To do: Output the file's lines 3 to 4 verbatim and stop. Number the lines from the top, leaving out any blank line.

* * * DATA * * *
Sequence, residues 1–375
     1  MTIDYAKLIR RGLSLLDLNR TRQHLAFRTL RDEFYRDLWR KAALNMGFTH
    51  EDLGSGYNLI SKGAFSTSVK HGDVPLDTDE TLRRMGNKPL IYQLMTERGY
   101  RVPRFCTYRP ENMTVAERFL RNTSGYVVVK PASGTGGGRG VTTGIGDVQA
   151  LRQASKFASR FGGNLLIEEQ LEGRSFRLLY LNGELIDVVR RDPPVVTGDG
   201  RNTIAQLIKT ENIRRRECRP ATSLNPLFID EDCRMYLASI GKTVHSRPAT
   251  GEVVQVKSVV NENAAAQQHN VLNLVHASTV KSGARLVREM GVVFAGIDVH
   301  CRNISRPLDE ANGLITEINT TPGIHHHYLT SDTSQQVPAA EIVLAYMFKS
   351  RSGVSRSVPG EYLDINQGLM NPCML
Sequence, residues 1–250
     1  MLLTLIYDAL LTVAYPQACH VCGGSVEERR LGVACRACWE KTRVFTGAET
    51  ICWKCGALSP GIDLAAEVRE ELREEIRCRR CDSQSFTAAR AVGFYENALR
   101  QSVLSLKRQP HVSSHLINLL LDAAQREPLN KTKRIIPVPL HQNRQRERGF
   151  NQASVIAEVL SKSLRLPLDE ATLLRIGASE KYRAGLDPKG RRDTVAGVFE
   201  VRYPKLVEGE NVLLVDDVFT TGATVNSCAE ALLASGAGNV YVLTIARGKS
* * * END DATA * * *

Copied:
    51  EDLGSGYNLI SKGAFSTSVK HGDVPLDTDE TLRRMGNKPL IYQLMTERGY
   101  RVPRFCTYRP ENMTVAERFL RNTSGYVVVK PASGTGGGRG VTTGIGDVQA